Lena Dunham Has Too Many Soapboxes

Hey, Lena! Please retire GIRLS.

Now that Lena Dunham has taken us well into the inner workings of her mind with a TV show, a book, and her feminist newsletter, we really know her.

I mean, HBO has practically shown us the inside of her vagina.

Gone are the days when we speculated about the realness of Lena Dunham’s past sexcapades, or her upbringing, or her body issues. We could piece together Dunham's reality through the lens of her hit TV show, Girls

But now, well, we just don’t need to guess anymore.

Lena Dunham stands upon many soap boxes now, and most of the time, I’m kind of interested in the things she has to say. Well, at least, I’m interested in hearing from the real Lena. The non-fiction Lena. Because when she’s talking about herself for real, not through the lens of fiction, she is her most authentic self. And that, I can support.

Perhaps the fifth (and I wish the last) season of Girls reflects this. I’m no longer interested in Lena telling me things. I don’t care for her forcing issues down my throat via quirky Brooklyn situations and somewhat boring, forced dialogue.

Shouldn't it be a thing that shows quit while they are ahead, before they head off into this exact territory of boring their audience?

I think I’m only watching this season out of loyalty, tired curiosity, and some glimmer of hope that I’ll have at least one semi-profound emotional revelation during an episode. But this season, it’s yet to happen for me.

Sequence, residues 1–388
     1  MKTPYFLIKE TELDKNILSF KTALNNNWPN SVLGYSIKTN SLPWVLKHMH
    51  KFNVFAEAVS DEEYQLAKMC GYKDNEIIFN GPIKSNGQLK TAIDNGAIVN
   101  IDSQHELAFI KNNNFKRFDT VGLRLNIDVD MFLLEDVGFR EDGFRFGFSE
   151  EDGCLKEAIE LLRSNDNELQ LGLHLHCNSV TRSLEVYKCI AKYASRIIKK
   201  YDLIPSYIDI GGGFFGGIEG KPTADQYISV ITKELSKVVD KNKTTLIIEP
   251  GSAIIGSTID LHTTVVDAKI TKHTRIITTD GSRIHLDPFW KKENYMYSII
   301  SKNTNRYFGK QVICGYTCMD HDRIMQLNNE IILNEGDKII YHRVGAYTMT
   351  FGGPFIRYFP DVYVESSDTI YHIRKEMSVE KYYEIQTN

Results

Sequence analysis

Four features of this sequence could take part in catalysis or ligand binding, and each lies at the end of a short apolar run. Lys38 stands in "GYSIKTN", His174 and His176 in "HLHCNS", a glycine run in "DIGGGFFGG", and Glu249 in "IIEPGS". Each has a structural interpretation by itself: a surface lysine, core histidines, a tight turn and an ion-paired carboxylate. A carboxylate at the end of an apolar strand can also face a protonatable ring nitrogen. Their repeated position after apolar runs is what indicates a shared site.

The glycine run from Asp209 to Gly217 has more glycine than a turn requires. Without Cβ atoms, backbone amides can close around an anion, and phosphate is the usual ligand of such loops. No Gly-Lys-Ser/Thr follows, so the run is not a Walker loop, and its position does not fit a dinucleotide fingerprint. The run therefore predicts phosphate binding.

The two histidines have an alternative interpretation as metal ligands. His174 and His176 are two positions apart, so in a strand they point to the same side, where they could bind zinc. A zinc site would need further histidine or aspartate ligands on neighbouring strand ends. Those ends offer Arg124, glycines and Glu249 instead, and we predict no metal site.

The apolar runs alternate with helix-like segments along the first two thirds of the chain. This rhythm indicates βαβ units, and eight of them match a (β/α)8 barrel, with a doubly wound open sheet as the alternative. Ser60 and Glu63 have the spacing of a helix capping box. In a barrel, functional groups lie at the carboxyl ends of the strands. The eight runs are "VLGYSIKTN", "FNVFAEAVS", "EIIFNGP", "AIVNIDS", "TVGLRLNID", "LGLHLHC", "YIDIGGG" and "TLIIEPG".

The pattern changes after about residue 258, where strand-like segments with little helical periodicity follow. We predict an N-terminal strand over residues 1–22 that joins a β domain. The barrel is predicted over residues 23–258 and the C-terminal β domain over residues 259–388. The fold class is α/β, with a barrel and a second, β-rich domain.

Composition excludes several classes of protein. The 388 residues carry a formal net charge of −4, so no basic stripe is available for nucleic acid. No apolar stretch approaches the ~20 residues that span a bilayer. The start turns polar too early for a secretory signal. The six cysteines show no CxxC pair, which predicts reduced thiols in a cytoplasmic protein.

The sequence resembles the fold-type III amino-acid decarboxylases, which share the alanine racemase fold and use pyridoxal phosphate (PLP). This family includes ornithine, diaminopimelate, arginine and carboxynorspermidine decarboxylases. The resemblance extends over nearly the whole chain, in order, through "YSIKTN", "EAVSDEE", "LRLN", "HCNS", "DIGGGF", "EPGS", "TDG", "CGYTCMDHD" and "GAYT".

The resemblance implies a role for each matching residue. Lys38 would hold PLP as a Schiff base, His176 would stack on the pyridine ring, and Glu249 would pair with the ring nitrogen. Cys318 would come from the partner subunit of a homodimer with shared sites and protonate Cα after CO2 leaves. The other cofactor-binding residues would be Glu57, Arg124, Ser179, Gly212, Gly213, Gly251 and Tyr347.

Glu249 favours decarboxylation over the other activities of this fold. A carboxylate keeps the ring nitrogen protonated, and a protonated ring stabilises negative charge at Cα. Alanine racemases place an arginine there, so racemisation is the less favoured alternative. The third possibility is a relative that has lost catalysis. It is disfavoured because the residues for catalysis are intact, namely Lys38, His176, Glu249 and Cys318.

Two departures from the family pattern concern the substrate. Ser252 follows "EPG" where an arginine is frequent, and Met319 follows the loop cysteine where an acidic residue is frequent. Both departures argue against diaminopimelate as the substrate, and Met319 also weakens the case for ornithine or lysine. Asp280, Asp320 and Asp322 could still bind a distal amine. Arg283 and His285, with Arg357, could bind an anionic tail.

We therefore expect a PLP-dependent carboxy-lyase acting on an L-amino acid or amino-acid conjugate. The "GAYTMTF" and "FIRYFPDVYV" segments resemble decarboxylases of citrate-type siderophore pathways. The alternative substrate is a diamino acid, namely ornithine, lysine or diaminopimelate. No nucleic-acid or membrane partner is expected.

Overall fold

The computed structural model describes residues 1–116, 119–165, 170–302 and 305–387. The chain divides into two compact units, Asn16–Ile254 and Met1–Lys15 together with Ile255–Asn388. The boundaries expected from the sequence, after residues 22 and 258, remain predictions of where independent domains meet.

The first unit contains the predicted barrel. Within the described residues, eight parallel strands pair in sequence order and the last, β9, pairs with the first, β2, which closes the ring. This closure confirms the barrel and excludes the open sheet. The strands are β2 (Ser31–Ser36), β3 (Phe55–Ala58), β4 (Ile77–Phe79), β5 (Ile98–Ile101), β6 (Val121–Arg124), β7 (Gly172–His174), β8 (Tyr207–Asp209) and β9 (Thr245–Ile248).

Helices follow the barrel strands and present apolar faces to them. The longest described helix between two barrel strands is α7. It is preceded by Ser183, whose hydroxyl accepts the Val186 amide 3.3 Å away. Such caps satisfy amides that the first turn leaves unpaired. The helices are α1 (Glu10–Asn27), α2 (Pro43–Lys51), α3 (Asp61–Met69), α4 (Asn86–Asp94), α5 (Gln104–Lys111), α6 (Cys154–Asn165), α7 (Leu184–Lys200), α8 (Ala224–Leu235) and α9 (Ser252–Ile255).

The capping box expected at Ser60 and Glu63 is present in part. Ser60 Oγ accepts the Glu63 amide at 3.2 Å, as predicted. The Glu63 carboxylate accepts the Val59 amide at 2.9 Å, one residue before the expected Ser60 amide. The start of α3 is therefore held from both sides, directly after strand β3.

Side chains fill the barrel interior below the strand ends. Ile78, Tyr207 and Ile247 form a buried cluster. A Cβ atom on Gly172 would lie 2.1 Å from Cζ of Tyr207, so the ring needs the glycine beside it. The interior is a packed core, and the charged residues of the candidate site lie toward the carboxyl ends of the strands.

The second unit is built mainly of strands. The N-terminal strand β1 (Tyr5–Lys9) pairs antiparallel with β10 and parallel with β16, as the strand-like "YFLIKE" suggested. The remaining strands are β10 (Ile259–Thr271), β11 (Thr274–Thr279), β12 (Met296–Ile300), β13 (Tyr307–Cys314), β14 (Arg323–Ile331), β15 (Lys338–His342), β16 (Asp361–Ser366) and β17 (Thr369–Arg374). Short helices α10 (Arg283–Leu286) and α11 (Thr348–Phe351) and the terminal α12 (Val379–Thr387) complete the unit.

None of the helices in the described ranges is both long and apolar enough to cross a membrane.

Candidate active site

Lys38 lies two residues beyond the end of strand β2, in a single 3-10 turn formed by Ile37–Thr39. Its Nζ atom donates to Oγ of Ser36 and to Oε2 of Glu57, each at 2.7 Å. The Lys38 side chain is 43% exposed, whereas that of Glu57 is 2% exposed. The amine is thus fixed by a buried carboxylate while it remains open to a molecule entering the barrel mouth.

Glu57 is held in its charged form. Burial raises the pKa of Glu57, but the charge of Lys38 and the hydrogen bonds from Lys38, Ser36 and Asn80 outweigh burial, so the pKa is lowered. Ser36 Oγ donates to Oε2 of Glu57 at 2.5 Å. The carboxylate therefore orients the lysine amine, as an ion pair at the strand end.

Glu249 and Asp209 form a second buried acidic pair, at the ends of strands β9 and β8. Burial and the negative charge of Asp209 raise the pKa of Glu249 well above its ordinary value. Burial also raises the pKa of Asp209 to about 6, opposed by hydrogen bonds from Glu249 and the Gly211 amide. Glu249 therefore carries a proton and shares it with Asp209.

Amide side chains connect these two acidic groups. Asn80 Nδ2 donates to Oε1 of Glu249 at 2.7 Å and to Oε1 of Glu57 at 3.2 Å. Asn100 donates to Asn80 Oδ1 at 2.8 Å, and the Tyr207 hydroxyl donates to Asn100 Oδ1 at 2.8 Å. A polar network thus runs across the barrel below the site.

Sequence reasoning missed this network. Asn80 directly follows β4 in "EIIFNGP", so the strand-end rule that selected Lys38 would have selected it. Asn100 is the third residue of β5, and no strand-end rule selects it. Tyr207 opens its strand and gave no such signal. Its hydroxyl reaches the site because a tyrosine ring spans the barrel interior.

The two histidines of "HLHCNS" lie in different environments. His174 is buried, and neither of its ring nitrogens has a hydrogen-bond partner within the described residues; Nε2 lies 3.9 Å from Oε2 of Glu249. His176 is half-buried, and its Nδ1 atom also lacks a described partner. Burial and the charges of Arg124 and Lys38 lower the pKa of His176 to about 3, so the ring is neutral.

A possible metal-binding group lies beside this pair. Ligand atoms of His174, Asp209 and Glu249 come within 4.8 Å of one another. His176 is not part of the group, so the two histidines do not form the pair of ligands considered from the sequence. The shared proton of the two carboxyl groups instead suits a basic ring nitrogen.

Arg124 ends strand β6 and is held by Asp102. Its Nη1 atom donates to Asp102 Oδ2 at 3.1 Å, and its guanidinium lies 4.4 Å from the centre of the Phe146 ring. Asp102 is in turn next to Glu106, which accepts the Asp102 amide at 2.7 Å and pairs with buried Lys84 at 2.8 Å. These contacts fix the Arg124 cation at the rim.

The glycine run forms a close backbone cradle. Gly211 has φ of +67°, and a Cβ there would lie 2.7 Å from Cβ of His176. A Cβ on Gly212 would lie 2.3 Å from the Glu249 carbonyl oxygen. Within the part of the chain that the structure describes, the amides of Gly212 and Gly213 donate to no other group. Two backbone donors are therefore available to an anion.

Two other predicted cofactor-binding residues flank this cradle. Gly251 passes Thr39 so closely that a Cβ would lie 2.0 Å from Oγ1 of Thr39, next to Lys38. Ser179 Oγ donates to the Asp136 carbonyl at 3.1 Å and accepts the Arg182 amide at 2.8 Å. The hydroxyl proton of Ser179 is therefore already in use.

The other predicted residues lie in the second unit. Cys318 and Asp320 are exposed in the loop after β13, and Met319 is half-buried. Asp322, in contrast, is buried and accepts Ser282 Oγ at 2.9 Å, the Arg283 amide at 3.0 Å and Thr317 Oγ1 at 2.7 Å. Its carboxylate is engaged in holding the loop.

I’m bored.

I read Lenny Letter. I liked and appreciated Lena’s book—and I kind of think that those two things were the things she really set out to do. Maybe for her, this whole hit TV show thing just happened first. Now, she’s rich enough and famous enough to do just about anything she wants; so maybe spare us of this very dull TV show.

Of course Girls is one of those things, annoyingly like Sex and the City, that did mean something at some time. But for now, we get enough of the real Dunham (like it or not), and I don’t want any more false dialogues and silly plot lines. 

I think the show made some kind of good/bad cultural impact. I'd be happy to watch it retire so we can all move on. 

Let us rejoice that Lena Dunham gave us Kylo Ren, *ehem* Adam Driver and a few other gems, too. Now it’s time to let her gaggle of pretty good actors go so we can enjoy them in better roles.